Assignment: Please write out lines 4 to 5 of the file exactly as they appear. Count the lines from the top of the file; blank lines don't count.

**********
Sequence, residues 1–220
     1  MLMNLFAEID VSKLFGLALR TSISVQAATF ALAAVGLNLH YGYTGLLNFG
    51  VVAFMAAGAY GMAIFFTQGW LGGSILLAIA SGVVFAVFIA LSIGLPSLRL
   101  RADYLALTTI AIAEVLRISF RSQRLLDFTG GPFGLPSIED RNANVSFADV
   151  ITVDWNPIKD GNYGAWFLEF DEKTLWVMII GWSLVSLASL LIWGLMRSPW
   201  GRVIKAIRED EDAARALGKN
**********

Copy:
   101  RADYLALTTI AIAEVLRISF RSQRLLDFTG GPFGLPSIED RNANVSFADV
   151  ITVDWNPIKD GNYGAWFLEF DEKTLWVMII GWSLVSLASL LIWGLMRSPW